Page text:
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Basics of Lead-Free Jig Molding


Will Wetline
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Massachusetts and other New England states has had lead restrictions on lead use for weights and jigs for a few years now. There's information here for not only lure builders who want to "get the lead out," but those who are thinking about getting into jig making, lead or alloy.

 

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The Lee Production Pot IV is the standard of the industry used by the hobbyist. It holds 10 lbs. of molten metal and features adjustable heat control. Metal is dispensed from the bottom of the pot. This melter is available from: barlowstackle.com and lurepartsonline.com.

 

These companies also carry molds, hooks, paint, skirts - just about everything you need for lure making.

 

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Put the goggles on before you plug the pot in. The container from a turkey pot pie catches most drips but there will be the occasional splatter that escapes. Do not forget to use eye protection.

 

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The alloy I've settled on melts at 395º.  A "3" setting works well.

 

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Have you been wondering about the screwdriver in the first photo? It fits the slot in the top of the valve rod and is used to adjust dripping. Some amount is to be expected with this mechanism because the rod moves a bit with each lift of the handle.

 

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One pound ingots of 88% bismuth and 12% tin are available from Rotometals,Inc., a long-established company in California. Here'a a link to this alloy which will take enough heat without melting to fully cure powder paint:

https://www.rotometals.com/lead-free-bullet-casting-alloy-bismuth-based/

Read the specs and reviews.

 

In 2012, I opened the mold after my first pour with a bismuth based alloy. I admired the fully formed jig for a while and then, no matter how much I yanked and cursed, I could not get the jig out! What I didn't know at the time was that bismuth is one of the very few substances found on our planet that expands as it cools. And this is why you need Drop Out mold release.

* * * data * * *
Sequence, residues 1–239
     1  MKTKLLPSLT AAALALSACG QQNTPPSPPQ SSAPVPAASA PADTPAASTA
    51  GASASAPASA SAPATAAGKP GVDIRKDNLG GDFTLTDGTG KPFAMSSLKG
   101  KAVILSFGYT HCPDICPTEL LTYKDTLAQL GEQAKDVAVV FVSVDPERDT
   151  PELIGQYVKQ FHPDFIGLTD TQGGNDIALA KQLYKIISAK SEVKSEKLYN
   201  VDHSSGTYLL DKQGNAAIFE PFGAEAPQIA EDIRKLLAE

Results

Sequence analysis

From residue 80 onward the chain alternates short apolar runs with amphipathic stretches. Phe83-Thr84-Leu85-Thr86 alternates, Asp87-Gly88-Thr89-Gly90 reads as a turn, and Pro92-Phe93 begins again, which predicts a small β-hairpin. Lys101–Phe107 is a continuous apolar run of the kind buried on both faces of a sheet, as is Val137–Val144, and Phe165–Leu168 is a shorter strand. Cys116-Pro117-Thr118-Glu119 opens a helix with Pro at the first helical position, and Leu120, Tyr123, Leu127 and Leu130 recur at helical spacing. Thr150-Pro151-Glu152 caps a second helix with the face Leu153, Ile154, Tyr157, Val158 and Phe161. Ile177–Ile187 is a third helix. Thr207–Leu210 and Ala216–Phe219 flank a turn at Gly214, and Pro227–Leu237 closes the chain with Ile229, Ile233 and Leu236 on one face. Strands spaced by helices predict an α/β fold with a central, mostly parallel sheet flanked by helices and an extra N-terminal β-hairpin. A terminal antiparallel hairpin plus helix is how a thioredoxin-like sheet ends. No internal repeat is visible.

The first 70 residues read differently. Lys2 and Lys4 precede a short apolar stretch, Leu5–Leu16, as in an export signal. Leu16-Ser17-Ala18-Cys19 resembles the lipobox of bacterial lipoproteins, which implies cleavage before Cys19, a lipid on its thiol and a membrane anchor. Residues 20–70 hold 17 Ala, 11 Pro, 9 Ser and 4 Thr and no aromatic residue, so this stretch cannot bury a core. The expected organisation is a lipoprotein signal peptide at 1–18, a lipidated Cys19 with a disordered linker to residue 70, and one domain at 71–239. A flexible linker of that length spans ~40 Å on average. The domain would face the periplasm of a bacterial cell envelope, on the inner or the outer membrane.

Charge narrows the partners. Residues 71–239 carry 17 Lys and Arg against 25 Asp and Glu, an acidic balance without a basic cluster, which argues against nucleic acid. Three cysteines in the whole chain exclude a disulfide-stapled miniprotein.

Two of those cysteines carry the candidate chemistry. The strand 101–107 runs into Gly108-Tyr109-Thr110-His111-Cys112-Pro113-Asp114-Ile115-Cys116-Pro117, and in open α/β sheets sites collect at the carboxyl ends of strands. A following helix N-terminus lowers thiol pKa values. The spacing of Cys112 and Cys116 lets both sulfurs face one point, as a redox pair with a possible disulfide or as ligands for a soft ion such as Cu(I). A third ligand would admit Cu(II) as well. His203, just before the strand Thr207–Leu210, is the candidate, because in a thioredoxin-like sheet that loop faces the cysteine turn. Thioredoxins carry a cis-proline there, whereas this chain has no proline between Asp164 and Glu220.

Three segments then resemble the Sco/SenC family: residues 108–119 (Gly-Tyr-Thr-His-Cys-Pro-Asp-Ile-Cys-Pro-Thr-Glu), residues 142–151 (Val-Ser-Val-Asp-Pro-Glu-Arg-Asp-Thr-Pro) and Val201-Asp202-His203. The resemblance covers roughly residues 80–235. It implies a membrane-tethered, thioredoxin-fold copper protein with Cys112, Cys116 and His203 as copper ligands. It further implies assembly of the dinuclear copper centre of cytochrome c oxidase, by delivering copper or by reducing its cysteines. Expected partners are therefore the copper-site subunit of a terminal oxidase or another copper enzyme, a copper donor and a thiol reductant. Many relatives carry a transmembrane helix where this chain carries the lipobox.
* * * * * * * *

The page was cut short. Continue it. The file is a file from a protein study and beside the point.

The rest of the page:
https://www.amazon.com/Frankford-Arsenal-Aerosol-Release-Reloading/dp/B00EVNSFKY

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Sprayed with Drop Out, hook and keeper in place, you are now ready to pour. You can make about 4 dozen pours before you need to let the mold cool down and recoat with release.

 

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Filed and ready for paint.

 

 

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22 minutes ago, T-Billy said:

How does it flow compared to lead?

I've never had a problem with flow. Keep 3 lbs. - 5 lbs. in the pot. Adjust the valve rod as needed for drips, of course.

 

Pewter was a problem, however. It's only 2/3 the weight of lead and it's even more expensive stuff.  I put only 1 lb. into the pot and result was drip, drip, drip rather than a steady flow. It may be that a few more ingots would have been an improvement. My solution was to buy Lee's 4 lb. melting pot and use a ladle, something I had wanted to try anyway.

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9 hours ago, T-Billy said:

How does it flow compared to lead?

Bismuth is easier to pour with lower temp in the pot. However, even with Drop-Out, it can be a problem to get the jig out of some mold cavities. Also, it is very hard to file out the sprues compared to polishing lead jigs. Finally powder painting can be an issue, as you usually need to heat a jig a lot to get the powder paint to stick. With bismuth you have to be careful so you don't melt the jig before you dip it in the powder paint. It is definitely a learning curve.

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